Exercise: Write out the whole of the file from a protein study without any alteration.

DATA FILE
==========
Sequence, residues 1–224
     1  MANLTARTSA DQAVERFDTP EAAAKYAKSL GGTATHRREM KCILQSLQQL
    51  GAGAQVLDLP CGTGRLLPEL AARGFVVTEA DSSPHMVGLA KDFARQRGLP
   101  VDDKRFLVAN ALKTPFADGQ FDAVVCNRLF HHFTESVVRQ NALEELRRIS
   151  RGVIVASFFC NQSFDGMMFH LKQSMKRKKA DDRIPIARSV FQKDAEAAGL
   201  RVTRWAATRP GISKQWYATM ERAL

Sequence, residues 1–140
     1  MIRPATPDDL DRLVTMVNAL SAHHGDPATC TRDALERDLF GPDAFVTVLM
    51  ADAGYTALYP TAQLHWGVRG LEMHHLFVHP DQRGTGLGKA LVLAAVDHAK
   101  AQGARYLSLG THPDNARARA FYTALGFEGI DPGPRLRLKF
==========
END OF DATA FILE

Sequence, residues 1–224
     1  MANLTARTSA DQAVERFDTP EAAAKYAKSL GGTATHRREM KCILQSLQQL
    51  GAGAQVLDLP CGTGRLLPEL AARGFVVTEA DSSPHMVGLA KDFARQRGLP
   101  VDDKRFLVAN ALKTPFADGQ FDAVVCNRLF HHFTESVVRQ NALEELRRIS
   151  RGVIVASFFC NQSFDGMMFH LKQSMKRKKA DDRIPIARSV FQKDAEAAGL
   201  RVTRWAATRP GISKQWYATM ERAL

Sequence, residues 1–140
     1  MIRPATPDDL DRLVTMVNAL SAHHGDPATC TRDALERDLF GPDAFVTVLM
    51  ADAGYTALYP TAQLHWGVRG LEMHHLFVHP DQRGTGLGKA LVLAAVDHAK
   101  AQGARYLSLG THPDNARARA FYTALGFEGI DPGPRLRLKF